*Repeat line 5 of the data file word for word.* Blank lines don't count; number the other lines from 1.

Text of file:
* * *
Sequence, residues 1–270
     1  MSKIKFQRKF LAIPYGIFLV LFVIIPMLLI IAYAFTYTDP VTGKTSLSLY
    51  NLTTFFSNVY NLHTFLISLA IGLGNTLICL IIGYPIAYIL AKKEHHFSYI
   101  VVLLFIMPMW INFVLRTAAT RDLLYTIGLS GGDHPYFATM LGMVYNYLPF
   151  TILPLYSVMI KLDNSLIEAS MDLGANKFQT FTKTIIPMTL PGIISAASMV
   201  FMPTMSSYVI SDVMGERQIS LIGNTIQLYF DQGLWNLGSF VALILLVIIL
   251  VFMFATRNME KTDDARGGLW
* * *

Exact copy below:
   151  TILPLYSVMI KLDNSLIEAS MDLGANKFQT FTKTIIPMTL PGIISAASMV